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Google was penalized $42 million for deceiving Australian users about data collection

To resolve allegations that it misled its Australian customers about how to opt out of the collection of their personal location data, Google was ordered to pay 60 million Australian dollars (U.S. $42 million).

According to a press release issued on Friday by the Australian Competition & Consumer Commission (ACCC), a federal court in Australia ordered Google to pay the fines "for making misleading representations to consumers about the collection and use of their personal location data on Android phones between January 2017 and December 2018." (ACCC).

The Australian Competition and Consumer Commission (ACCC) sued Google and its subsidiary, Google Australia, for allegedly breaking Australian Consumer Law by failing to disclose to users that they needed to disable two settings in two different places in order to effectively stop the company from collecting location data. There was no separate penalty for Google Australia.

According to the ACCC, about 1.3 million Australian Google users were misled into thinking they had stopped the company from collecting their location data by choosing not to allow Google to do so in a setting called "Location History." The same information was nevertheless gathered by Google in a different setting called "Web & App Activity" that was set to be enabled by default.

In the press release, ACCC Chair Gina Cass-Gottlieb said, "This significant penalty imposed by the court today sends a strong message to digital platforms and other businesses, large and small, that they must not mislead consumers about how their data is being collected and used."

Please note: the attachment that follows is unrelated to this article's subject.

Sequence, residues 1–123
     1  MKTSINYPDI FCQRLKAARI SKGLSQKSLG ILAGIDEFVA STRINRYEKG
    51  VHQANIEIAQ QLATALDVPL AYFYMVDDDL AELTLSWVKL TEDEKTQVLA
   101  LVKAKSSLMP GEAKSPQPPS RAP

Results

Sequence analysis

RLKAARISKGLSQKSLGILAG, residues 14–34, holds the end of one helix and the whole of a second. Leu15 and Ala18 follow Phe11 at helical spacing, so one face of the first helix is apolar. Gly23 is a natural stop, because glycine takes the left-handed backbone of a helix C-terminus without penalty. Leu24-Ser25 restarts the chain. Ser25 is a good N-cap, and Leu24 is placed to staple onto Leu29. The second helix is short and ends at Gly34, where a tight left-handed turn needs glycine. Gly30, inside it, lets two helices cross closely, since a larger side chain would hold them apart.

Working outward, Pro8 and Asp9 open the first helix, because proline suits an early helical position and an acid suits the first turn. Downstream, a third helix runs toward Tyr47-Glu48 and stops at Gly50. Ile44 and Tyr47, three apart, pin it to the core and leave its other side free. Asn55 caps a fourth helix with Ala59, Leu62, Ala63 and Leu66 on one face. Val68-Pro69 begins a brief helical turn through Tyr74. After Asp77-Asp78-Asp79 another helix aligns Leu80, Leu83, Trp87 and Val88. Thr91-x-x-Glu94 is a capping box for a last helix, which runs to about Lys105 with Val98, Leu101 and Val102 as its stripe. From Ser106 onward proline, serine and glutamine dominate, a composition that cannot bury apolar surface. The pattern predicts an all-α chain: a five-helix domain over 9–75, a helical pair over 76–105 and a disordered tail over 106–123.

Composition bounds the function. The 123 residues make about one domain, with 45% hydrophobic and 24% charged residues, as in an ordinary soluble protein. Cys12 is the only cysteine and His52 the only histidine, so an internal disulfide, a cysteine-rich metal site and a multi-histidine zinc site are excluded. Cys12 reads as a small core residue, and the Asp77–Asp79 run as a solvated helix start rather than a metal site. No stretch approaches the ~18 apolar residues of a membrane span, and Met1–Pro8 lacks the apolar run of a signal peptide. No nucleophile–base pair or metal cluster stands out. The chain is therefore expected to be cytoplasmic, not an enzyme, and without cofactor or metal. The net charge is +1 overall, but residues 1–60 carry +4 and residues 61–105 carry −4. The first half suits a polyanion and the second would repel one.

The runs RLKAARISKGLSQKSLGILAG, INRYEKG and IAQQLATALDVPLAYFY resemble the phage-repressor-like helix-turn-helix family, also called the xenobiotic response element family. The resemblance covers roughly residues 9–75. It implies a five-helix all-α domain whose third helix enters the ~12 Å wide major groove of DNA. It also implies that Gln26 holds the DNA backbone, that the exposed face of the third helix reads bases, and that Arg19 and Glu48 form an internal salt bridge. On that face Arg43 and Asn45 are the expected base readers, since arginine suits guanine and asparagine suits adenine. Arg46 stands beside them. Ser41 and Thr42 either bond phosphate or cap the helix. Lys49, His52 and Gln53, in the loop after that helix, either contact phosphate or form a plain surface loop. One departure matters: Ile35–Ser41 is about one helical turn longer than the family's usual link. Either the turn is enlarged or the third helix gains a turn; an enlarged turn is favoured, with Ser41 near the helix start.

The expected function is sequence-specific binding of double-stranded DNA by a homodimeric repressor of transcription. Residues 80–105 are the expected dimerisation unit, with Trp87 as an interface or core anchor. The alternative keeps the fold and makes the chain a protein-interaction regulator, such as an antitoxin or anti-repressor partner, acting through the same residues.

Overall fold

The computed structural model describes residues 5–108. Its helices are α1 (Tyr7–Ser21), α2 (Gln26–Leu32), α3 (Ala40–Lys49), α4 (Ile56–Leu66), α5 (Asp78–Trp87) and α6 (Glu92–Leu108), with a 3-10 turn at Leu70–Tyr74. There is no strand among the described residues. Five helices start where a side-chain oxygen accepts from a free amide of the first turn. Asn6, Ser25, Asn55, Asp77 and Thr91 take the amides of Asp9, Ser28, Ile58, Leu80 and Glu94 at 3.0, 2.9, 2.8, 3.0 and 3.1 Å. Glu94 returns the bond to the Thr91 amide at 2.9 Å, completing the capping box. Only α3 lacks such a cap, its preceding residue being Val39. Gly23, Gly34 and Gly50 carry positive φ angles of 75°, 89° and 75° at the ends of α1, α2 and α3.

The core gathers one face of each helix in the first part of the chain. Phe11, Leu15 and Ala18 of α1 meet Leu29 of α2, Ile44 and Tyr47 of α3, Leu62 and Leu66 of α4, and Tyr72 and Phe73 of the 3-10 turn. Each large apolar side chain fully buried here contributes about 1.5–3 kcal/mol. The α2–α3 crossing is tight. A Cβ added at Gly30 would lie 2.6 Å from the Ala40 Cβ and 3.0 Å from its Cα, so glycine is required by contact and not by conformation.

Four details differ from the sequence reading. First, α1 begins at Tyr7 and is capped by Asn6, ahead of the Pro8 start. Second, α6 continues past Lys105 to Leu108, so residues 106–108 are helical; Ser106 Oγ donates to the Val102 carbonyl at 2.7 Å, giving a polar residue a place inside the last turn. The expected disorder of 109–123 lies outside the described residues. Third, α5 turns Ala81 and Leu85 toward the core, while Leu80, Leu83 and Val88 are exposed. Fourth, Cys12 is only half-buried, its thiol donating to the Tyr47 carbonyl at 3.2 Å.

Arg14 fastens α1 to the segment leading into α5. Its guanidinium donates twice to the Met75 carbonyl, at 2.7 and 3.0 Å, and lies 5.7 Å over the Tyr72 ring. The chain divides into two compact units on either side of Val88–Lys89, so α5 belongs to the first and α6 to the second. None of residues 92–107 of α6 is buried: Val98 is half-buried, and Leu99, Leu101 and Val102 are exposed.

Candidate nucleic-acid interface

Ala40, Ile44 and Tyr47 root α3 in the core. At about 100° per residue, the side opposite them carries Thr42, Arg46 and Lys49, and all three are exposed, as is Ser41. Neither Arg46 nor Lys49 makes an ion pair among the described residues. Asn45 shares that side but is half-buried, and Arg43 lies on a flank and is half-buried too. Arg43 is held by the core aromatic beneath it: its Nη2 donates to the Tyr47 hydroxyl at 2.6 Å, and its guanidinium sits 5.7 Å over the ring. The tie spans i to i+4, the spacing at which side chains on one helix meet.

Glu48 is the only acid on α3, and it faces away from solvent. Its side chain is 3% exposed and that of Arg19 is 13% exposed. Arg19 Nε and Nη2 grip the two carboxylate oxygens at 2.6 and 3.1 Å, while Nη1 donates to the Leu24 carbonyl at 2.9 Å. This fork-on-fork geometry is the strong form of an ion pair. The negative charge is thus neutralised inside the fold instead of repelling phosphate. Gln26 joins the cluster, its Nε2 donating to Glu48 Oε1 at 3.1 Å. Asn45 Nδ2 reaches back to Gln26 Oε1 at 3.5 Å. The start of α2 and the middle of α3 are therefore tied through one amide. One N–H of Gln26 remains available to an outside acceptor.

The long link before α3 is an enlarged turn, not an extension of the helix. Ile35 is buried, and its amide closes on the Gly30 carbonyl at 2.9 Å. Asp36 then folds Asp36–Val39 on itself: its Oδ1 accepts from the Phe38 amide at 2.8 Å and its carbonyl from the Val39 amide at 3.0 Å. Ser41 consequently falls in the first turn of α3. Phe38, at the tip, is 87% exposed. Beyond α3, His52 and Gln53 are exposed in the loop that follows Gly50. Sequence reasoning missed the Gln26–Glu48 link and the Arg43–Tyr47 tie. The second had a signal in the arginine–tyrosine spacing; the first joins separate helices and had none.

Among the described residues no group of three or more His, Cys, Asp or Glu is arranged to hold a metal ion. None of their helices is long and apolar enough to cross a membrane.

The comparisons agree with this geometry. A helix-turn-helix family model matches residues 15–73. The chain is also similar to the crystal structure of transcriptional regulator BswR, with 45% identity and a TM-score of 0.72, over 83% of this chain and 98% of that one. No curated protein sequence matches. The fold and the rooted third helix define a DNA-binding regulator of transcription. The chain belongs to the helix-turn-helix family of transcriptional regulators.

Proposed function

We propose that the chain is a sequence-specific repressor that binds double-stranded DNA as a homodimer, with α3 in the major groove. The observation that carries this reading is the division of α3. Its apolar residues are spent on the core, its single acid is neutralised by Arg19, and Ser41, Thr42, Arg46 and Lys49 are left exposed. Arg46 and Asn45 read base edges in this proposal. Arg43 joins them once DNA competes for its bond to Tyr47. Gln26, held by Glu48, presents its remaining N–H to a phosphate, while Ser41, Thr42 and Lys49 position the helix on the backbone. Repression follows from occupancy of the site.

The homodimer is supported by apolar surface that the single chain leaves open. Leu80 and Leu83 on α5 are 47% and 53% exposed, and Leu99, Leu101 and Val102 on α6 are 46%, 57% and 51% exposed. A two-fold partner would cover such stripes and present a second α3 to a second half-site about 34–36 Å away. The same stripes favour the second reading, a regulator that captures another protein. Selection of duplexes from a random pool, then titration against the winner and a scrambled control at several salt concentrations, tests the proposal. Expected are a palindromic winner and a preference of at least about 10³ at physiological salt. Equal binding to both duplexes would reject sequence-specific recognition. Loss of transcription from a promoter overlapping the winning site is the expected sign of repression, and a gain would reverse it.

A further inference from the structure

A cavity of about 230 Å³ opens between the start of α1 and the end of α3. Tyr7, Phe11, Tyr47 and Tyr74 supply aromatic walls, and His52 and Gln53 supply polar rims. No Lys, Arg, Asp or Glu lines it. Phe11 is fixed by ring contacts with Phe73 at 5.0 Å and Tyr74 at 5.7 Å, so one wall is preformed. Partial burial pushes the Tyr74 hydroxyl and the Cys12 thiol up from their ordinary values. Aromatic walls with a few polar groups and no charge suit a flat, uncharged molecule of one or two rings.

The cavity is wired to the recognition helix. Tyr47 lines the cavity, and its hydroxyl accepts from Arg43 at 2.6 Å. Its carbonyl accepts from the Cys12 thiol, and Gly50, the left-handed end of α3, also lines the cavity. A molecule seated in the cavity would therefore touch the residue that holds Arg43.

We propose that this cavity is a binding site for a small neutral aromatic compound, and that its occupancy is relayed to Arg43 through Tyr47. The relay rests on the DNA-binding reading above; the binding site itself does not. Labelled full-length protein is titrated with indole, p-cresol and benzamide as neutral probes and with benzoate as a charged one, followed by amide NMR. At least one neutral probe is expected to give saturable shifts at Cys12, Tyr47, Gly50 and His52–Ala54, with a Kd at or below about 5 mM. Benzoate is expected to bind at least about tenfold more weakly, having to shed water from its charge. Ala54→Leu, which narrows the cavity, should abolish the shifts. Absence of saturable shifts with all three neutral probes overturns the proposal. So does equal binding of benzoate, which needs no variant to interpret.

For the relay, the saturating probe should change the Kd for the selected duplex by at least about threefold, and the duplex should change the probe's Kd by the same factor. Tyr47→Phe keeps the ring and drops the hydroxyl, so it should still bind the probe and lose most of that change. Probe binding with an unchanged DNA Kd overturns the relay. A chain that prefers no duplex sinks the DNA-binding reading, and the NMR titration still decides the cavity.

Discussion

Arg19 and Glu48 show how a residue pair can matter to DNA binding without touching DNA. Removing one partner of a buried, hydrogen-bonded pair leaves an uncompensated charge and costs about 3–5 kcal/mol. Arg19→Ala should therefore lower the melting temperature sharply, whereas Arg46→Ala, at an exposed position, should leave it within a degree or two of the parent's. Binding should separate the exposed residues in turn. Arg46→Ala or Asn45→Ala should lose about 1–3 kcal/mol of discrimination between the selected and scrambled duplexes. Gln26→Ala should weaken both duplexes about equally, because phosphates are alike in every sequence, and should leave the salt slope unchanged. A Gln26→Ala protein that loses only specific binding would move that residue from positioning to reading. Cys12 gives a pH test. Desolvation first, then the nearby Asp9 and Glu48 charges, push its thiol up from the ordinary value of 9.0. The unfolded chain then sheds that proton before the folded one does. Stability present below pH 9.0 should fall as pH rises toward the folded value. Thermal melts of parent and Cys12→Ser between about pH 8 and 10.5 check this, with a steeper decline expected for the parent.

According to the ACCC, Google fixed the issue by December 2018 to stop Australian users from seeing the false opt-out screens for location data collection. Google was also ordered by the court to "“ensure its policies include a commitment to compliance and to train certain staff about Australian Consumer Law, as well as to pay a contribution to the ACCC’s costs," according to the court's ruling.

In order for consumers to make wise decisions about who they share their data with, Cass-Gottlieb said that businesses need to be transparent about the types of data they are collecting, how the data is collected, and how it may be used.

The case, according to the ACCC, was the first public enforcement stemming from its investigation into digital platforms.

According to a Google spokesperson, the business decided to resolve the issue.

The spokesman said in an email: "We’ve invested heavily in making location information simple to manage and easy to understand, with industry-first tools like auto-delete controls, while significantly minimizing the amount of data stored. As we’ve demonstrated, we’re committed to making ongoing updates that give users control and transparency while providing the most helpful products possible."


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